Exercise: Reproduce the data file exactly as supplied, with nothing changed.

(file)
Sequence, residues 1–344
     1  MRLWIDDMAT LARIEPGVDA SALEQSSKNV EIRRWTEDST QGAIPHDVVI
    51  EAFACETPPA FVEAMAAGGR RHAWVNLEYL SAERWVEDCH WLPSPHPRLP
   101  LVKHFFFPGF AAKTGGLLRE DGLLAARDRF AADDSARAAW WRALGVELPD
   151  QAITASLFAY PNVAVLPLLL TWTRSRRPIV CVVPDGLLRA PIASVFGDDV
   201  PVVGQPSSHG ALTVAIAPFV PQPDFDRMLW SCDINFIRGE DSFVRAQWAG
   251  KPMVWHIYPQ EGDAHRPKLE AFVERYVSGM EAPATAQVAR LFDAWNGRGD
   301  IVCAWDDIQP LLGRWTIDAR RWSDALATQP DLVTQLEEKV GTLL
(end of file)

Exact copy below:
Sequence, residues 1–344
     1  MRLWIDDMAT LARIEPGVDA SALEQSSKNV EIRRWTEDST QGAIPHDVVI
    51  EAFACETPPA FVEAMAAGGR RHAWVNLEYL SAERWVEDCH WLPSPHPRLP
   101  LVKHFFFPGF AAKTGGLLRE DGLLAARDRF AADDSARAAW WRALGVELPD
   151  QAITASLFAY PNVAVLPLLL TWTRSRRPIV CVVPDGLLRA PIASVFGDDV
   201  PVVGQPSSHG ALTVAIAPFV PQPDFDRMLW SCDINFIRGE DSFVRAQWAG
   251  KPMVWHIYPQ EGDAHRPKLE AFVERYVSGM EAPATAQVAR LFDAWNGRGD
   301  IVCAWDDIQP LLGRWTIDAR RWSDALATQP DLVTQLEEKV GTLL